On Being “That Girl”

This, alas, is not a post about the wonderful 1960s sitcom “That Girl.” It is a post about being “that girl,” i.e., the only black girl in the room. Or the building for that matter.

Recently, I saw this article on the Atlantic site:

http://www.theatlantic.com/politics/archive/2015/11/black-college-student-body/417189/?google_editors_picks=true

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Morals Clauses

(Note: This expands upon a response I originally left at Bilgrimage.)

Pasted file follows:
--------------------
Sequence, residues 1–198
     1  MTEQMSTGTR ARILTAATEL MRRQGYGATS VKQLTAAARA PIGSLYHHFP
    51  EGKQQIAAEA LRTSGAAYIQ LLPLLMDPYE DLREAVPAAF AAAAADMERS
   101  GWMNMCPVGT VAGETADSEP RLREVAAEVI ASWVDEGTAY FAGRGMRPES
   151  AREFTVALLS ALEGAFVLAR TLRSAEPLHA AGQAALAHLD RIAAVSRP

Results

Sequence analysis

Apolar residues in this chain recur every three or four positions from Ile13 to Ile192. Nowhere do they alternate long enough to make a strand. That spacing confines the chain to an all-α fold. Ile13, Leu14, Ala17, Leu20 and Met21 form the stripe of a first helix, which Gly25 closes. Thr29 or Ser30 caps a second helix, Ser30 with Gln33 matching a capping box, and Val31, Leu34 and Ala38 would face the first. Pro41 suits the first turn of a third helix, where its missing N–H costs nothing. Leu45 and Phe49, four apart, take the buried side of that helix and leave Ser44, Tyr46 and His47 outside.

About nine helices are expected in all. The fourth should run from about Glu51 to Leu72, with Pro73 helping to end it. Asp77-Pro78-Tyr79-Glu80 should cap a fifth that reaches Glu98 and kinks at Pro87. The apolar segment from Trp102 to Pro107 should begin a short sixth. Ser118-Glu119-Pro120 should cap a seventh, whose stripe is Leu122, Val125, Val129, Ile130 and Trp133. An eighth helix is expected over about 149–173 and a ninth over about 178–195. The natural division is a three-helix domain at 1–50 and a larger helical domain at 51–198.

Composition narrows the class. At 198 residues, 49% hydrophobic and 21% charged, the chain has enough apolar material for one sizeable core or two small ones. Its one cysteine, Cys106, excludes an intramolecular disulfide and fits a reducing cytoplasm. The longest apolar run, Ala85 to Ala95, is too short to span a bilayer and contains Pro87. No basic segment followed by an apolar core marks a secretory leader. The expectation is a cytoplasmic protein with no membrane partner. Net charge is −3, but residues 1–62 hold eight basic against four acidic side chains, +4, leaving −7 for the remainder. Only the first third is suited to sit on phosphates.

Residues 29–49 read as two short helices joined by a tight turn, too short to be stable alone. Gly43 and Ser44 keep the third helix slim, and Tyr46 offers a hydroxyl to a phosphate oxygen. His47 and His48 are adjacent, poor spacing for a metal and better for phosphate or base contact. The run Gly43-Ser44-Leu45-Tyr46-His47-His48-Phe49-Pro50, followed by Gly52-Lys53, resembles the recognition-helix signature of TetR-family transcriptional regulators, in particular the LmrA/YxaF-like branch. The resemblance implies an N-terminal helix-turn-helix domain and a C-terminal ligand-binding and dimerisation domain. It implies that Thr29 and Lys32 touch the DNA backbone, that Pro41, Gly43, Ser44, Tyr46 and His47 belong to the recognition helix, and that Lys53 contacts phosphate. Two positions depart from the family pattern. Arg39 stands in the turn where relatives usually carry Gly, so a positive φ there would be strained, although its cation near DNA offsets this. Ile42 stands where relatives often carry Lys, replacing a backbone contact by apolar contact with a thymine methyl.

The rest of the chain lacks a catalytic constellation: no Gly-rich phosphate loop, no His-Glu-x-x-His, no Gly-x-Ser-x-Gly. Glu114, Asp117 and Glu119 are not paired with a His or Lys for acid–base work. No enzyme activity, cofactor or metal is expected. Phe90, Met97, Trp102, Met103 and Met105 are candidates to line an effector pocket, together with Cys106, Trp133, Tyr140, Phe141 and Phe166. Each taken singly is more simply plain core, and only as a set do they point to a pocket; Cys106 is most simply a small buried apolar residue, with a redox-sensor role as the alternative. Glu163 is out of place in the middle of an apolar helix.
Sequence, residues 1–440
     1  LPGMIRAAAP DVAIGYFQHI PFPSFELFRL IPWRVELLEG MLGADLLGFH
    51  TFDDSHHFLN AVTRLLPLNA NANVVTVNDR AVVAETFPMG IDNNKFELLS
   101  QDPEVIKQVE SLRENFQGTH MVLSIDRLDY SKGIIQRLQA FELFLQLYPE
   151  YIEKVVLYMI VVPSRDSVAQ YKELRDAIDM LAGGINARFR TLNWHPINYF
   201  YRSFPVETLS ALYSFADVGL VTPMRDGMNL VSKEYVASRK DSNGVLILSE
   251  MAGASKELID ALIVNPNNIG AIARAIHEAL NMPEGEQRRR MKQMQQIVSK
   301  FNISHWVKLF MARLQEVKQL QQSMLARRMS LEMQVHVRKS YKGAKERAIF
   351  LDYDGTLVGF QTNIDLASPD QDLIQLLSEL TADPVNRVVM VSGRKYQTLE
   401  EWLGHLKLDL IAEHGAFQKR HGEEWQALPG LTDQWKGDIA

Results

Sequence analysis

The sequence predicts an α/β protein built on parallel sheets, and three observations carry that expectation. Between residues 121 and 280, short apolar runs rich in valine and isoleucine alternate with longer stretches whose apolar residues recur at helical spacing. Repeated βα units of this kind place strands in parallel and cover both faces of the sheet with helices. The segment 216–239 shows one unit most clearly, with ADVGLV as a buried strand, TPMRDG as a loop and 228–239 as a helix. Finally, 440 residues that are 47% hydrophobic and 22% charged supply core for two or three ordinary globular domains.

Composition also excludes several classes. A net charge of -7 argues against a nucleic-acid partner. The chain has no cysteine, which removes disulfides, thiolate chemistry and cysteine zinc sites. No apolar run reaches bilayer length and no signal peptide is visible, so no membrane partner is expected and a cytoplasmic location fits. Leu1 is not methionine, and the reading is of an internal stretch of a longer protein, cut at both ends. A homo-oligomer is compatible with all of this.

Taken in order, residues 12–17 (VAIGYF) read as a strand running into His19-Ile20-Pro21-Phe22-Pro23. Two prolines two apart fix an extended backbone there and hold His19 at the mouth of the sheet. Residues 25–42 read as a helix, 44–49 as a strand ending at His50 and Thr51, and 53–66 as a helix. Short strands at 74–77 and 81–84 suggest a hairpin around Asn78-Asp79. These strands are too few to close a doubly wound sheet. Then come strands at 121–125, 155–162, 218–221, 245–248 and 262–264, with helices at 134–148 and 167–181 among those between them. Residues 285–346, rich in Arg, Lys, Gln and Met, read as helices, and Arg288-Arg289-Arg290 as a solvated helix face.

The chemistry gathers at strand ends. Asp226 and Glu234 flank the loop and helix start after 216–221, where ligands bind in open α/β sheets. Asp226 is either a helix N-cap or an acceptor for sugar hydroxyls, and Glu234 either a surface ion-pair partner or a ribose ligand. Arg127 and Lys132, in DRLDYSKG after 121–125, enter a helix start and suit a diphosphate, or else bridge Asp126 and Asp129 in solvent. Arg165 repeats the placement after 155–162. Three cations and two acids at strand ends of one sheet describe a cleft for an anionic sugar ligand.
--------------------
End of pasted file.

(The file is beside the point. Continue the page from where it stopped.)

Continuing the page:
There’s been a lot of discussion on the Catholic blogosphere on the subject of morality clauses being used against lay employees at Catholic institutions, especially if said employees are heterosexual females or some combination of LGBT. While all employees at Catholic institutions are theoretically held to the same standard of conduct, the only types of sins that these clauses seem concerned about are those of a sexual nature; to my knowledge, no one at a Catholic school or university has been sacked for gluttony or inhospitality, for example. Female employees are disproportionately targeted by these measures, since they literally carrying around the evidence of their perceived “sin” if they get pregnant out of wedlock or through IVF. LGBT employees of either sex are also vulnerable, should they chose to be open about their sexual or gender identity. In many cases, however, the school community has been sympathetic to the “sinners” point of view, leading to showdowns between the hierarchy in charge of enforcing adherence to faith and morals and the community that the school is supposed to serve.

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